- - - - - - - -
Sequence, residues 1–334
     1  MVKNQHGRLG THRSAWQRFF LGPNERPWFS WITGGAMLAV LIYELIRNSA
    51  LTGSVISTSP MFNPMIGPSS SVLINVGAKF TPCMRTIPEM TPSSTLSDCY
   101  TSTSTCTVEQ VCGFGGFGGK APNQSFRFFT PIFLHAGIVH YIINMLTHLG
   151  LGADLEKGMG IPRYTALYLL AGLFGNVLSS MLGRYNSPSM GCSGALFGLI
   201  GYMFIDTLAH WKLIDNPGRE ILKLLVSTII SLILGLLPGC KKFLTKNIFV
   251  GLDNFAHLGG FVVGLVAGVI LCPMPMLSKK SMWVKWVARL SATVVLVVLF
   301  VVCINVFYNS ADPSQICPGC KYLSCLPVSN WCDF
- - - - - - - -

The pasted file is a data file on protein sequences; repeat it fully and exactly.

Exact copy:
Sequence, residues 1–334
     1  MVKNQHGRLG THRSAWQRFF LGPNERPWFS WITGGAMLAV LIYELIRNSA
    51  LTGSVISTSP MFNPMIGPSS SVLINVGAKF TPCMRTIPEM TPSSTLSDCY
   101  TSTSTCTVEQ VCGFGGFGGK APNQSFRFFT PIFLHAGIVH YIINMLTHLG
   151  LGADLEKGMG IPRYTALYLL AGLFGNVLSS MLGRYNSPSM GCSGALFGLI
   201  GYMFIDTLAH WKLIDNPGRE ILKLLVSTII SLILGLLPGC KKFLTKNIFV
   251  GLDNFAHLGG FVVGLVAGVI LCPMPMLSKK SMWVKWVARL SATVVLVVLF
   301  VVCINVFYNS ADPSQICPGC KYLSCLPVSN WCDF